All of these other player preview posts have been based on scouting reports, AAU performance, and some limited college experience.
Reid Travis, however, is entering his fifth year of college basketball. It is a little easier to know what he brings to this Kentucky Wildcats team.
But how will he fit into the puzzle with the rest of this talented roster?
Travis averaged 19.5 points and 8.7 rebounds for Stanford in 2017-2018 and 17.4 points and 8.9 rebounds per game the year before. He has been the ideal college post player, owning the boards and scoring around the basket consistently.
Reid Travis vs Oklahoma State pic.twitter.com/fFaIO8KO6y— Classic KY (@KY_Clips) July 10, 2018
At 6’8” tall, Travis is a tight-end type post player. A combination of length and strength that can overpower smaller players but utilize agility to score on traditional centers. Strong enough to defend the post but just quick enough to not get abused on pick and roll switches.
Uh, it's pretty hard to defend Reid Travis. He has twenty for @StanfordMBB. pic.twitter.com/NjcUZhzQ1w— CBS Sports CBB (@CBSSportsCBB) January 20, 2018
In addition to being a two time first-team All-Pac-12 selection, Travis leaves Stanford as the 16th leading scorer of all-time and No. 10 on the all-time rebounding list. He definitely made his mark in the Pac-12 during his career, and really stepped his game up against talented players like DeAndre Ayton.
Reid Travis vs Arizona— Classic KY (@KY_Clips) July 10, 2018
Giving number one overall pick DeAndre Ayton that work. pic.twitter.com/1Py6XNUb2Q
Travis has shown that he can play bully ball when needed, and he will need to be that guy when playing alongside EJ Montgomery or Nick Richards.
But when PJ Washington is on the court, Travis will be able to stretch the court a little more and make plays off the dribble or with back-door cuts.
His versatility as a big man is what really makes him special, and that is the beauty about how he will fit with this team. I do not expect Travis to average 20 and 10 this season, but I do expect him to be the leading rebounder on this team and to get points when called upon.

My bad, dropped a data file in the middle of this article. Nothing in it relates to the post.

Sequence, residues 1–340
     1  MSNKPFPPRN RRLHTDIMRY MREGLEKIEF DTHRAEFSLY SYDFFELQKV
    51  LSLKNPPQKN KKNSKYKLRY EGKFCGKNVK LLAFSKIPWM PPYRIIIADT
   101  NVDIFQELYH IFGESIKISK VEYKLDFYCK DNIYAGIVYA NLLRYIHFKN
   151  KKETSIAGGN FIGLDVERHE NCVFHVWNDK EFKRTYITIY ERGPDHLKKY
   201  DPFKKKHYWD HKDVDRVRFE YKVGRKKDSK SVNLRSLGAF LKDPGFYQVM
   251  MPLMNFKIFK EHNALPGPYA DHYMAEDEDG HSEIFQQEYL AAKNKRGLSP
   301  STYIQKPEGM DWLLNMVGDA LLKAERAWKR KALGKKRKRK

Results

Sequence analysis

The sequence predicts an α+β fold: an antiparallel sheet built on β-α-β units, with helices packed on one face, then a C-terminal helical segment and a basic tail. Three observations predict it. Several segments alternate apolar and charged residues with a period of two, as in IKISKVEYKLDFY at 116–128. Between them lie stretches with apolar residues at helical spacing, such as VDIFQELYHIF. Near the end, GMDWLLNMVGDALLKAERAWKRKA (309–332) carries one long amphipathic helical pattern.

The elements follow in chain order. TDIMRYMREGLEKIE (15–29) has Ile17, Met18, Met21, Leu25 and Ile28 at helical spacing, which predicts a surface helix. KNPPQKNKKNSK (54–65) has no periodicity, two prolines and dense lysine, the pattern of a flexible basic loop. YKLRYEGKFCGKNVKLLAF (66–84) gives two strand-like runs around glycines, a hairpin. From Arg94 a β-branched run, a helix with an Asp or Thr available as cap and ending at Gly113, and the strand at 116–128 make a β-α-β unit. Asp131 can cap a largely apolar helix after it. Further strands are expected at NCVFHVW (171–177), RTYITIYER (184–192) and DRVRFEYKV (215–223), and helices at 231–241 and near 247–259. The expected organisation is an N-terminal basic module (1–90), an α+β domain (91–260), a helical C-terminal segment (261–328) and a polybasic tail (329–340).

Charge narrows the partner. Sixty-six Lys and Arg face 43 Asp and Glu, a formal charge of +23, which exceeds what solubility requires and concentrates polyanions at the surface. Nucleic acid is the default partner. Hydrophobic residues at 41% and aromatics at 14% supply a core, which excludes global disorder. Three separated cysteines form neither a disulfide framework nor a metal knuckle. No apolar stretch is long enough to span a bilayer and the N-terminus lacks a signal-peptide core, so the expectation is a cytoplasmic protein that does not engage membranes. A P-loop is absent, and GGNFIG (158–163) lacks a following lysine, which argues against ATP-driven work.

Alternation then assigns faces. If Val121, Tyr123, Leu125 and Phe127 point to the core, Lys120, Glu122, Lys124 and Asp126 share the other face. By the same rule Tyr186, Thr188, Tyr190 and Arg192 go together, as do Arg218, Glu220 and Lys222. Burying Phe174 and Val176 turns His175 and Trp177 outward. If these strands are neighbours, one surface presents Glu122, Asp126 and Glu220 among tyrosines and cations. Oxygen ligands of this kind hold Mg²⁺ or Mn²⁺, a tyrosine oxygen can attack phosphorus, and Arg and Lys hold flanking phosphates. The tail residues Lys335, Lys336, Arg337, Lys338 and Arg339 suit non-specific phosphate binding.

Welcome to practice, @2ReidTravis2. pic.twitter.com/JOoTxnJpoO— CoachCal.com (@CoachCalDotCom) July 11, 2018
Obviously, as the only senior on the team with real experience Travis will be the most seasoned defender on the team. You cannot underestimate the value of putting an all-conference senior defender against some of the young stars Kentucky will face in the paint this season.
“He’s just a natural leader,” said James Clark, a personal trainer and coach who worked with Travis while he was testing the NBA draft waters earlier this spring.” This guy is just an athlete. He’s a winner. People gravitate toward his energy. He’ll make others better just by how hard he plays. He’s not going to settle for anybody else not playing just as hard.”
Travis is a type of player we have not seen at Kentucky in quite some time, and he’s someone former California coach Cuonzo Martin is not happy to see again in the SEC.
“You’re talking about 240 pounds. Strong, physical, tough,” said Martin, now the head coach of Missouri. “And he played football in high school. Runs the floor. His strength level reminds me a lot of Jarnell Stokes, who we had at Tennessee. Just a strong, physical guy. So he puts you in the mode of Jarnell Stokes. He’ll beat you when he’s on offense and defense because he’s so physical. He plays hard. He’s one of those guys. He embraces contact and physicality.”
Perhaps the most similar style we have seen is that of Patrick Patterson, and that also applies to his leadership potential as the veteran on this young team.
To get more excited about what Travis is bringing to Lexington this fall, check out the highlight video below from his 2017-2018 season at Stanford. He may end up being the one recruit, albeit an unconventional one, that puts this team over the top.
What are you expecting from Travis this coming season?